Tutorial: Particle Filtering in Gen
Sequential Monte Carlo (SMC) methods such as particle filtering iteratively solve a sequence of inference problems using techniques based on importance sampling and in some cases MCMC. The solution to each problem in the sequence is represented as a collection of samples or particles. The particles for each problem are based on extending or adjusting the particles for the previous problem in the sequence.
The sequence of inference problems that are solved often arise naturally from observations that arrive incrementally, as in particle filtering. The problems can also be constructed instrumentally to facilitate inference, as in annealed importance sampling [3]. This tutorial shows how to use Gen to implement a particle filter for a tracking problem that uses “rejuvenation” MCMC moves. Specifically, we will address the “bearings only tracking” problem described in [4].
[1] Doucet, Arnaud, Nando De Freitas, and Neil Gordon. “An introduction to sequential Monte Carlo methods.” Sequential Monte Carlo methods in practice. Springer, New York, NY, 2001. 314.
[2] Del Moral, Pierre, Arnaud Doucet, and Ajay Jasra. “Sequential monte carlo samplers.” Journal of the Royal Statistical Society: Series B (Statistical Methodology) 68.3 (2006): 411436.
[3] Neal, Radford M. “Annealed importance sampling.” Statistics and computing 11.2 (2001): 125139.
[4] Gilks, Walter R., and Carlo Berzuini. “Following a moving target—Monte Carlo inference for dynamic Bayesian models.” Journal of the Royal Statistical Society: Series B (Statistical Methodology) 63.1 (2001): 127146. PDF
Outline
Section 1: Implementing the generative model
Section 2: Implementing a basic particle filter
Section 3: Adding rejuvenation moves
Section 4: Using the unfold combinator to improve performance
using Gen
using PyPlot
1. Implementing the generative model
We will implement a generative model for the movement of a point in the xy plane and bearing measurements of the location of this point relative to the origin over time.
We assume that we know the approximate initial position and velocity of the point. We assume the point’s x and y velocity are subject to random perturbations drawn from some normal distribution with a known variance. Each bearing measurement consists of the angle of the point being tracked relative to the positive xaxis.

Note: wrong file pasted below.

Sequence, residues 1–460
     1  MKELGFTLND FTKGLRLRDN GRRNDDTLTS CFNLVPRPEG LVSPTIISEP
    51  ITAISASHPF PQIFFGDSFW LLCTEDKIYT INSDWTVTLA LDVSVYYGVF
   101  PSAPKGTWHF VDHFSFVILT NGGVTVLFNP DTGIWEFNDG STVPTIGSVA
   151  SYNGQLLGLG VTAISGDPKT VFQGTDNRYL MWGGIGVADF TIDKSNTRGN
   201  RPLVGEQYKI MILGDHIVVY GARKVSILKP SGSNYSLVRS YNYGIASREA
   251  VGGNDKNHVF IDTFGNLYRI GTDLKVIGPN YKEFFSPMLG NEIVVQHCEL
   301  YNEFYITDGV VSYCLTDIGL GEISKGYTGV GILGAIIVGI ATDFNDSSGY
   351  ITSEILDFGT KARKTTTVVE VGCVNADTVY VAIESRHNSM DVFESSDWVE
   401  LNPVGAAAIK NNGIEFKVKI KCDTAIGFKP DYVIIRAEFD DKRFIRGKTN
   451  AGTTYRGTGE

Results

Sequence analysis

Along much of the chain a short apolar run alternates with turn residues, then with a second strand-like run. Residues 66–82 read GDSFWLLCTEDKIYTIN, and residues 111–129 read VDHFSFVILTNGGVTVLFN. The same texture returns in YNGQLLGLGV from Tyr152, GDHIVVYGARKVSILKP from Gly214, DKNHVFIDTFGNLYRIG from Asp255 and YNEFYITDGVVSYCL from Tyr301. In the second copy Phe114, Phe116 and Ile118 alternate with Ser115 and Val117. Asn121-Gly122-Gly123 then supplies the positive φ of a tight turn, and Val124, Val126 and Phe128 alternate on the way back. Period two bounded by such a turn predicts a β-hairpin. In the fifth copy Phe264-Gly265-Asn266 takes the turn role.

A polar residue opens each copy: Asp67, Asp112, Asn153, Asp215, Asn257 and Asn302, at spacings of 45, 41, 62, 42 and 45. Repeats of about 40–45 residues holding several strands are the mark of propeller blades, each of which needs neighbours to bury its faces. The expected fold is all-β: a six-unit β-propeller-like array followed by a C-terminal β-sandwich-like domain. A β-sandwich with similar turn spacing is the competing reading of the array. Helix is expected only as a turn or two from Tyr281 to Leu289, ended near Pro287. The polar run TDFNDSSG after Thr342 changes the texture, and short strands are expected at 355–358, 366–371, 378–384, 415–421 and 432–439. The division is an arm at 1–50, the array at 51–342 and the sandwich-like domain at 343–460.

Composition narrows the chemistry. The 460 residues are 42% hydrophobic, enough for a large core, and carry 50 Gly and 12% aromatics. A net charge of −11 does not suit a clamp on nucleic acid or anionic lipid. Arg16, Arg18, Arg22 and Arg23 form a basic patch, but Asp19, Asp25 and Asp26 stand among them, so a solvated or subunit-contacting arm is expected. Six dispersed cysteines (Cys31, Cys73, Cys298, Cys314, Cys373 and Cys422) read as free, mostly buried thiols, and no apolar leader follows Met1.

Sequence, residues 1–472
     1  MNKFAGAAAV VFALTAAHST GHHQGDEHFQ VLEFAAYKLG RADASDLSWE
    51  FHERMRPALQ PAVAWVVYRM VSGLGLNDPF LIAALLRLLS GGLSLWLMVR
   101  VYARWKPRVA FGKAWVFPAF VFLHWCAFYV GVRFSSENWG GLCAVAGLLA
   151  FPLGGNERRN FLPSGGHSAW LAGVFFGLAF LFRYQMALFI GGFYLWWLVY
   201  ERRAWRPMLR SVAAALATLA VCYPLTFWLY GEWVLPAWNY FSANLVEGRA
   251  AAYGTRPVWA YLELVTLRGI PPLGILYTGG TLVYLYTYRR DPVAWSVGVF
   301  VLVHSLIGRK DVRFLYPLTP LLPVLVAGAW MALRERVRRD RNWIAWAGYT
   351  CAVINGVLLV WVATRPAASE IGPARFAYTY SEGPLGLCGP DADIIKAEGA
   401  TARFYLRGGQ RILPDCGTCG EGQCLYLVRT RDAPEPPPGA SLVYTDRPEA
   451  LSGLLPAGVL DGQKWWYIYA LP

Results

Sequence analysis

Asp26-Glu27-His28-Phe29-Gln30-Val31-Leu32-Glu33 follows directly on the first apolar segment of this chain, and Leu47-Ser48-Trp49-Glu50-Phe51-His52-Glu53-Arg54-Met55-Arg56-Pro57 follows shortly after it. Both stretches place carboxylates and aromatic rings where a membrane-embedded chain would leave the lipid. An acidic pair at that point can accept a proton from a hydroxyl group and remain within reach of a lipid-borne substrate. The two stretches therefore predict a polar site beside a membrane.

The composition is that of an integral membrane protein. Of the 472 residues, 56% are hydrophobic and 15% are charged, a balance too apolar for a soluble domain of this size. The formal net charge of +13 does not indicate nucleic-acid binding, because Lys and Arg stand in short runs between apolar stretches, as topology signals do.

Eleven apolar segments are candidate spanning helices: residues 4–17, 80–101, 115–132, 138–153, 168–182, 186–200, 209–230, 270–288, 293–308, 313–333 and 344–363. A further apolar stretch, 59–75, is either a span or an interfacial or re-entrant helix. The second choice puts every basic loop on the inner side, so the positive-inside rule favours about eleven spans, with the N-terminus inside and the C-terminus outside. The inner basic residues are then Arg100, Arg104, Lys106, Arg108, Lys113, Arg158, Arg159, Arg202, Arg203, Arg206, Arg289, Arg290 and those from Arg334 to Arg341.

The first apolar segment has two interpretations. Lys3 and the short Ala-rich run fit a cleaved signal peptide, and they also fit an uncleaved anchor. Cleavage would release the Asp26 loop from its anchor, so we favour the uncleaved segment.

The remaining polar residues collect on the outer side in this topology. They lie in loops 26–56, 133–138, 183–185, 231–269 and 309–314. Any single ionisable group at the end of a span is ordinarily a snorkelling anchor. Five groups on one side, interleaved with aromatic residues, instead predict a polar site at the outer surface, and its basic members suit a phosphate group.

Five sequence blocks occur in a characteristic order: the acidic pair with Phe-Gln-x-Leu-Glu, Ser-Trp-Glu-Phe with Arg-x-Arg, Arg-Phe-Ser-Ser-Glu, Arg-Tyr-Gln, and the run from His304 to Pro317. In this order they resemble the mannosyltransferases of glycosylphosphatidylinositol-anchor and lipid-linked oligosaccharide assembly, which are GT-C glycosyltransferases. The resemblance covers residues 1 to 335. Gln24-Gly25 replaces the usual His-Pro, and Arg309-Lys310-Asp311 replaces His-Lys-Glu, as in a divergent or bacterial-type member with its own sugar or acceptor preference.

We write the generative model as a generative function below. The function first samples the initial state of the point from a prior distribution, and then generates T
successive states in a for
loop. The argument to the model is the number of states not including the initial state.
bearing(x, y) = atan(y, x)
@gen function model(T::Int)
measurement_noise = 0.005
velocity_var = (1.0/1e6)
xs = Vector{Float64}(undef, T+1)
ys = Vector{Float64}(undef, T+1)
# prior on initial xcoordinate
x = @trace(normal(0.01, 0.01), :x0)
# prior on initial ycoordinate
y = @trace(normal(0.95, 0.01), :y0)
# prior on xcomponent of initial velocity
vx = @trace(normal(0.002, 0.01), :vx0)
# prior on ycomponent of initial velocity
vy = @trace(normal(0.013, 0.01), :vy0)
# initial bearing measurement
@trace(normal(bearing(x, y), measurement_noise), :z0)
# record position
xs[1] = x
ys[1] = y
# generate successive states and measurements
for t=1:T
# update the state of the point
vx = @trace(normal(vx, sqrt(velocity_var)), (:vx, t))
vy = @trace(normal(vy, sqrt(velocity_var)), (:vy, t))
x += vx
y += vy
# bearing measurement
@trace(normal(bearing(x, y), measurement_noise), (:z, t))
# record position
xs[t+1] = x
ys[t+1] = y
end
# return the sequence of positions
return (xs, ys)
end;
We generate a data set of positions, and observed bearings, by sampling from this model, with T=50
:
import Random
Random.seed!(4)
# generate trace with specific initial conditions
T = 50
constraints = Gen.choicemap((:x0, 0.01), (:y0, 0.95), (:vx0, 0.002), (:vy0, 0.013))
(trace, _) = Gen.generate(model, (T,), constraints)
# extract the observed data (zs) from the trace
choices = Gen.get_choices(trace)
zs = Vector{Float64}(undef, T+1)
zs[1] = choices[:z0]
for t=1:T
zs[t+1] = choices[(:z, t)]
end
We next write a visualization for traces of this model below. It shows the positions and dots and the observed bearings as lines from the origin:
function render(trace; show_data=true, max_T=get_args(trace)[1])
(T,) = Gen.get_args(trace)
choices = Gen.get_choices(trace)
(xs, ys) = Gen.get_retval(trace)
zs = Vector{Float64}(undef, T+1)
zs[1] = choices[:z0]
for t=1:T
zs[t+1] = choices[(:z, t)]
end
scatter(xs[1:max_T+1], ys[1:max_T+1], s=5)
if show_data
for z in zs[1:max_T+1]
dx = cos(z) * 0.5
dy = sin(z) * 0.5
plot([0., dx], [0., dy], color="red", alpha=0.3)
end
end
end;
We visualize the synthetic trace below:
render(trace)
2. Implementing a basic particle filter